In the Gong Research Labs series, we publish data from analyzing sales calls with natural language processing and AI. Subscribe here for new data every week.
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It was Monday, May 6, 2013. My first day as a sales rep at insidesales.com.
I sat spellbound in an onboarding class watching the company’s founder – Ken Krogue – present some compelling research on lead management
He talked about how leads are more likely to answer the phone and agree to a demo on certain days of the week and at certain times of the day. He also discussed that if you call a web lead within 5 minutes, they are 100x more likely to pick up the phone (!).
A lot of sales problems have been answered with data
since then, haven’t they?
Fast forward to 2017, and I’ve found myself working on a similar project with Gong’s research labs.
Ken and the insidesales.com team’s data set is great
for SDRs and other sales reps who do volumes of prospecting and appointment setting.
But what about B2B account executives who do scheduled sales calls and demos?
Are there certain days of the week
and times of day
that make a prospect more or less likely to actually show up to the scheduled call?
It’s frustrating to sit on a vacant GoToMeeting call for 15 minutes and have to shut it down because the prospect didn’t show up. Now you’re out valuable selling time. Worse, the sales cycle for that deal is going to be extended since you’ll have to reschedule the call for a later date.
“No-shows” are equally frustrating for sales managers who want to “live shadow” their reps’ calls for the sake of coaching (which is one of the five reasons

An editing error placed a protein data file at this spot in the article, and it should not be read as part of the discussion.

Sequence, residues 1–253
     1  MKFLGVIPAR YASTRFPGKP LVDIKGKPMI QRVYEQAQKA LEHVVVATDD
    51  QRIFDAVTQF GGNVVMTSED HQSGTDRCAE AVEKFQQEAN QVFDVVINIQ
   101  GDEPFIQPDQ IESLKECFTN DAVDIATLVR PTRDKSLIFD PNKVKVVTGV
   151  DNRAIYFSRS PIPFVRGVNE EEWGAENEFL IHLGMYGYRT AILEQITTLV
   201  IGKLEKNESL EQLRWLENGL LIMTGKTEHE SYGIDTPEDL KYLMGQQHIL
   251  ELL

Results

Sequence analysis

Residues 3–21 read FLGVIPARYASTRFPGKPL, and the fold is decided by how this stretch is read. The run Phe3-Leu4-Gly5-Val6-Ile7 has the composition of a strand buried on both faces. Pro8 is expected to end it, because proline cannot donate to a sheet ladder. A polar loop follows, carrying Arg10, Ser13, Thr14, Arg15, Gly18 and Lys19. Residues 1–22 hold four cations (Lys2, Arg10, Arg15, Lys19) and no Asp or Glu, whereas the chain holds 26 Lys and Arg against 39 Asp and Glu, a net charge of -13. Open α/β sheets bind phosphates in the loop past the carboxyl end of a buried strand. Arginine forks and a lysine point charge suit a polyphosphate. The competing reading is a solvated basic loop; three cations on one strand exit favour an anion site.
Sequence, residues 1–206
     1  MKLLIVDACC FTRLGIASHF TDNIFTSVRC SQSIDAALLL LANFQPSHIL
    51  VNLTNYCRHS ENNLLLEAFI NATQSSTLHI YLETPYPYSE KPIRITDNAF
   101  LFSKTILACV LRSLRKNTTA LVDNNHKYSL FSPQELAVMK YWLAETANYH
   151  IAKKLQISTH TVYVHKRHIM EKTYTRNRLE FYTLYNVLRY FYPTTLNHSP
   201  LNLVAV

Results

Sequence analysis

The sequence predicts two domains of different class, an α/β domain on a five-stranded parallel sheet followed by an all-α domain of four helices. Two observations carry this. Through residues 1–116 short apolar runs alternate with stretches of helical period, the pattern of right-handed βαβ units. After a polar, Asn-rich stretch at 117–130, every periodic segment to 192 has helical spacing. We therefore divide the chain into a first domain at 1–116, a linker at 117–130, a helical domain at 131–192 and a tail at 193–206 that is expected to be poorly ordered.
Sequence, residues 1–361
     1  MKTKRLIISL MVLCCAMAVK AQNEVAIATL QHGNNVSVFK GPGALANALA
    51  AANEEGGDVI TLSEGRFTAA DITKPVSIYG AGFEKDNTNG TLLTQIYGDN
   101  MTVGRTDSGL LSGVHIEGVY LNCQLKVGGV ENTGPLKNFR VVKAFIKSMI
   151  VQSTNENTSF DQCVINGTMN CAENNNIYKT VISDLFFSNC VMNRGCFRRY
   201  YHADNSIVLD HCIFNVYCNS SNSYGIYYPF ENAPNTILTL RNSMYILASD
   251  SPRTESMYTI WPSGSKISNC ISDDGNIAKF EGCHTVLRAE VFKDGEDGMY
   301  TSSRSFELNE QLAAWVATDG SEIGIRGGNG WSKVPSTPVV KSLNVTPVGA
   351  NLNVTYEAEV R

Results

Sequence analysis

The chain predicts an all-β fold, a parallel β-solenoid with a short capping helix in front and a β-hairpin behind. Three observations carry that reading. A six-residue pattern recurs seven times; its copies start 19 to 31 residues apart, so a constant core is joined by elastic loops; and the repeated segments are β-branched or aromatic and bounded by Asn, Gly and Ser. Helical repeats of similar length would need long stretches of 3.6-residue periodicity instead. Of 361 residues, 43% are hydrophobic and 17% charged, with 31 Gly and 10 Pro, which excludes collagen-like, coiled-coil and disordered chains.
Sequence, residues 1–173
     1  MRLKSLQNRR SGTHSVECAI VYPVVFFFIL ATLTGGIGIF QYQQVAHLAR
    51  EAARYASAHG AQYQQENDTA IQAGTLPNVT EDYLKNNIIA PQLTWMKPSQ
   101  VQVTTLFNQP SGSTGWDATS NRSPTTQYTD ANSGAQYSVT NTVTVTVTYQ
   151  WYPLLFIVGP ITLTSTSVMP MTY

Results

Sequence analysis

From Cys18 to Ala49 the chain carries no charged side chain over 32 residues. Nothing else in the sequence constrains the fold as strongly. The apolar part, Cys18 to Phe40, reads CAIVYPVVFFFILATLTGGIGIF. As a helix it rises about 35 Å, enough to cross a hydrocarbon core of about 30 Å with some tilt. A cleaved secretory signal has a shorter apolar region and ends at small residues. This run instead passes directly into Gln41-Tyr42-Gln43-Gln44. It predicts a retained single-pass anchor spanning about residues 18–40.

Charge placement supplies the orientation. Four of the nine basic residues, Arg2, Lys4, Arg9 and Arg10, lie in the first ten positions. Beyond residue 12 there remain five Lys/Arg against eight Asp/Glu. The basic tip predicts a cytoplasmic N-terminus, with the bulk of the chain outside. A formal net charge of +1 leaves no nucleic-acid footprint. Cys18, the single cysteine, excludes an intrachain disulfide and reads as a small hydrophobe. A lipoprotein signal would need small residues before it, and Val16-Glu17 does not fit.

I recommend using call and demo recordings
instead of live shadowing as a method for call coaching).
To help you and your team avoid no-shows, we analyzed the days of the week, times of day, and other variables that correlate with high and low “no-show rates” for sales calls.
Here they are:
The Best and Worst Times of Day to Schedule Your Sales Calls & Demos
Surprisingly, afternoons are a better time to schedule your sales calls than mornings in terms of preventing no-shows and optimizing your hold-rates:
If you would have asked me to guess the best time to schedule sales calls before
I saw this data, I would have said between 8 am and 11 am – when people are most “fresh.” Turns out, I would’ve been wrong.
In hindsight, this makes sense. People are just getting into the office and may be pulled in several different directions by their bosses, forcing them to skip out on your meeting or call.
If you schedule your sales call for 4 pm compared to 8 am, your odds are 30% greater
that the prospect will show up to the meeting.
This data becomes more interesting when we take a look at what times salespeople most often
schedule their calls:
In a perfect world, there would be fewer calls scheduled on the left, and more calls scheduled on the right to correspond with when prospects are statistically most likely to show up to the call.
If you’re begging for an action item, start distributing your scheduled sales calls to more accurately align with the first chart.
The Best and Worst Days of the Week to Schedule Your Sales Calls and Demos
There was significantly less variation on no-show rates by day of the week compared to the time of day data we just covered. But it’s still worth noting…
What makes this worth noting is the potential
story you could draw from it – it seems like there is a declining likelihood of prospects showing up for sales calls as the week progresses.
This data point was less counterintuitive to me. I pretty much expected Friday to have the highest no-show rate (fun fact: we also analyzed weekends for those who happened to schedule calls on weekends. As expected, the no-show rate was about 4x higher than a typical weekday).
Stay Tuned For More
That’s all the data I have for now folks.
I hope you’ll find this useful when battling “no-shows.”
If you liked this data, check out the rest of our research by heading over to our sales research library.
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